Delta-7’s Lancet cracks again. The Heimdall staggers backwards, coolant gushing from punctured hydraulic lines. The squat shape raises its weapon again, its pilot roaring something in the din. Smoke billows from the barrel; the metal glows dull red. Ricocheting shells and fragments of masonry shower Delta-7, small impacts that hiss and pummel her breath from her lungs.
Delta-7 loads a penetration round and aims for the collar. She feels the Lancet kick, sees the Heimdall reel. Fragments of armor and bloody mist spray. The autocannon jolts in weak hands, still spraying bullets.
Then the sky falls in on her head.
She can’t have been out long- combat drugs would make sure of that. It’s first the sound of her breathing that reminds her she’s conscious again. The inside of her helmet has gone dark. Her mouth is filled with the taste of what passes for her blood, and she can smell smoke and burning plastics from somewhere distant. Someone seems to be firing off artillery bombardments inside her skull. Her body trembles with synthesized adrenalin and burns with excess energy.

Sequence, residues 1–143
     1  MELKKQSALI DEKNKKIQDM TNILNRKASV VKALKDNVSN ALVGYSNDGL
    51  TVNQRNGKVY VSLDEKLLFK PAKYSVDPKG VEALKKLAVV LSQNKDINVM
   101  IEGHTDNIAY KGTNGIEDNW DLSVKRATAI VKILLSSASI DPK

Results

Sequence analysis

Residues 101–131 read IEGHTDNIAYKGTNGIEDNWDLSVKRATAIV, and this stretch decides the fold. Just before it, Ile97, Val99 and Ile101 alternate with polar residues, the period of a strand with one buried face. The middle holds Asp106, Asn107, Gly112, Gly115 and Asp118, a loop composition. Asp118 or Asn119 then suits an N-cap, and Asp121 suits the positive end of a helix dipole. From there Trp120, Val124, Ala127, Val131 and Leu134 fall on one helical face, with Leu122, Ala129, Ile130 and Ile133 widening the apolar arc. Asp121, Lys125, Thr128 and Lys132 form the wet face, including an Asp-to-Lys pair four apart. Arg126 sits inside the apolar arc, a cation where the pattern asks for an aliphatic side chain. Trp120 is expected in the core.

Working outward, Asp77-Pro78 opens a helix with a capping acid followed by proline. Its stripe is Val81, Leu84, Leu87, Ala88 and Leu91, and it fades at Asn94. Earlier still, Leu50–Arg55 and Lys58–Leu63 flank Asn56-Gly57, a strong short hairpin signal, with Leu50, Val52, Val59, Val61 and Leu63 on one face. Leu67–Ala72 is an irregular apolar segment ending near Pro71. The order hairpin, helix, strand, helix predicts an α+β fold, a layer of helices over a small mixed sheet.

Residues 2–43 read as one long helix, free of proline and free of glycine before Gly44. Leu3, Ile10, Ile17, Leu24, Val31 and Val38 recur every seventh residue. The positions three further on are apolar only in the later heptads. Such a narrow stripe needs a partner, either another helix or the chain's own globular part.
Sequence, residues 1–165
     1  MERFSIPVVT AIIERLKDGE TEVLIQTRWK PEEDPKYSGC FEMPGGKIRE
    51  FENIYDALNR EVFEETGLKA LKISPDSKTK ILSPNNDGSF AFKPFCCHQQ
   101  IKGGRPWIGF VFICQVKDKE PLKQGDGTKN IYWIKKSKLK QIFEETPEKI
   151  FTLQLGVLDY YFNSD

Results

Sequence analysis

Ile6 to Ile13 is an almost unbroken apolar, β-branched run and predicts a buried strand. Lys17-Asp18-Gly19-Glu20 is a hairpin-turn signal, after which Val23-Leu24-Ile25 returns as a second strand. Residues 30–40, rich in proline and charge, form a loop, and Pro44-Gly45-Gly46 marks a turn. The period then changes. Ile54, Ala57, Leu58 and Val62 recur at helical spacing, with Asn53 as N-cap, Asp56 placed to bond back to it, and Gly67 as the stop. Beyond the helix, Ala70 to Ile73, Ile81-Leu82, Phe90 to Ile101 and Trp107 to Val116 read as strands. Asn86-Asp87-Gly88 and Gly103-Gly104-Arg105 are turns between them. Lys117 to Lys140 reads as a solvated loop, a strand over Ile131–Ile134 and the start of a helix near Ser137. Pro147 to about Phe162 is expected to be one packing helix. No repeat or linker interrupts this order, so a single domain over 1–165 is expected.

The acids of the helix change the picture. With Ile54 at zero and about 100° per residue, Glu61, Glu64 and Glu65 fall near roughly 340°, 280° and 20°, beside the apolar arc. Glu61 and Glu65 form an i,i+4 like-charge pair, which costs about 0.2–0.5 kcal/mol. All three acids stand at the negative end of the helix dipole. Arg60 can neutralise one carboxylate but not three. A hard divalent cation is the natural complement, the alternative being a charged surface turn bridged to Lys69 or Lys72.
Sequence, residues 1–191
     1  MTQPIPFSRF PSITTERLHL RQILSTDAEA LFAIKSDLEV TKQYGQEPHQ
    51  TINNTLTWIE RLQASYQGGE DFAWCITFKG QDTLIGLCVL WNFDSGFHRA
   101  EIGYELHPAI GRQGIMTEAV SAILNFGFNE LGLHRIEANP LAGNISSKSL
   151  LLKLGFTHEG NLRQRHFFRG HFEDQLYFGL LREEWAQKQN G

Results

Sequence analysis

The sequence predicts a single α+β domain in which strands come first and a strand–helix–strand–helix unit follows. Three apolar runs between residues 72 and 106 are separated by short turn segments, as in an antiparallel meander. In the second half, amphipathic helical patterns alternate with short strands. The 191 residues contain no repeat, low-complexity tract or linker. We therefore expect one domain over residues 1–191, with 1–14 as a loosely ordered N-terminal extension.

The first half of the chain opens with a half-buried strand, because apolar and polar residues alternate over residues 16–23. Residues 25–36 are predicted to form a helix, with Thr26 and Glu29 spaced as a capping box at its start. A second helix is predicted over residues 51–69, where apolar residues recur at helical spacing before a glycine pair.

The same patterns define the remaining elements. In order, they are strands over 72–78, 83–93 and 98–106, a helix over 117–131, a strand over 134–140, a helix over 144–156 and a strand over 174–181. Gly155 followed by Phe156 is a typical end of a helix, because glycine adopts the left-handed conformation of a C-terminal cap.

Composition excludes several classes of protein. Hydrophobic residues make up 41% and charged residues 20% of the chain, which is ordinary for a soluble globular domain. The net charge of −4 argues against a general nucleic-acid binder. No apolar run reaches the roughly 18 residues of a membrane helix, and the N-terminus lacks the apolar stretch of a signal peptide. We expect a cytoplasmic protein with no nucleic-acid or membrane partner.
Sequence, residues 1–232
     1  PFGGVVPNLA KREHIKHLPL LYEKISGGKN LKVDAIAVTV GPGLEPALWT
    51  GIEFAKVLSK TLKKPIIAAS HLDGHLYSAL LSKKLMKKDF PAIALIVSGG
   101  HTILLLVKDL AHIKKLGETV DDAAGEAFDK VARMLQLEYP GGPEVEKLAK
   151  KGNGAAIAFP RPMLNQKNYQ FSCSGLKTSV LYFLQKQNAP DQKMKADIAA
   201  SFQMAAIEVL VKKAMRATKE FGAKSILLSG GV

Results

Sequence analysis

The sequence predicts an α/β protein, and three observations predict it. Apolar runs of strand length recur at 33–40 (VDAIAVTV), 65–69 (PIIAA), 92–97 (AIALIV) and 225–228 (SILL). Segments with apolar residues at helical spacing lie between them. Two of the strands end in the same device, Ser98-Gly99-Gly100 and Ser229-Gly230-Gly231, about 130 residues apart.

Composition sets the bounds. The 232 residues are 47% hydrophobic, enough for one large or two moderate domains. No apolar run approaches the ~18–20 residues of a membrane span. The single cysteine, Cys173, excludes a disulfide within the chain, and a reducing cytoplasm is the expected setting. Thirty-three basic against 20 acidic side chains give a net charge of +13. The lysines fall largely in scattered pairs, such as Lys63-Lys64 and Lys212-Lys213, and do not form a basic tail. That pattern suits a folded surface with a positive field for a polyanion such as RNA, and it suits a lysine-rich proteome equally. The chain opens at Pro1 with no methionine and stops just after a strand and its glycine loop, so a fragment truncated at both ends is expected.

There are strips and dots of ruddy light filtering to her camera. A great weight has settled across her body. Maybe she could move it, but it’s hard to think. Her limbs seem more like noodles than useful appendages. But her comm is active.
“No dice, Sarge,” says a woman’s voice. She’s dour, rough, no nonsense. Delta-7’s flickering HUD paints her a picture as it triangulates IFF data. Pvt. Anna Martinez. A short, athletic-looking woman, plain-featured, dark-haired. She’s grinning in the ID picture, a smirk full of mischief that gives her face far more light. Third term of service. Military family. Several commendations for courage.
“I can’t find her,” Martinez is saying. “Or signs of anybody. Sonovabitch blew this whole quarter to shit. We sure there was more than one of ‘em?”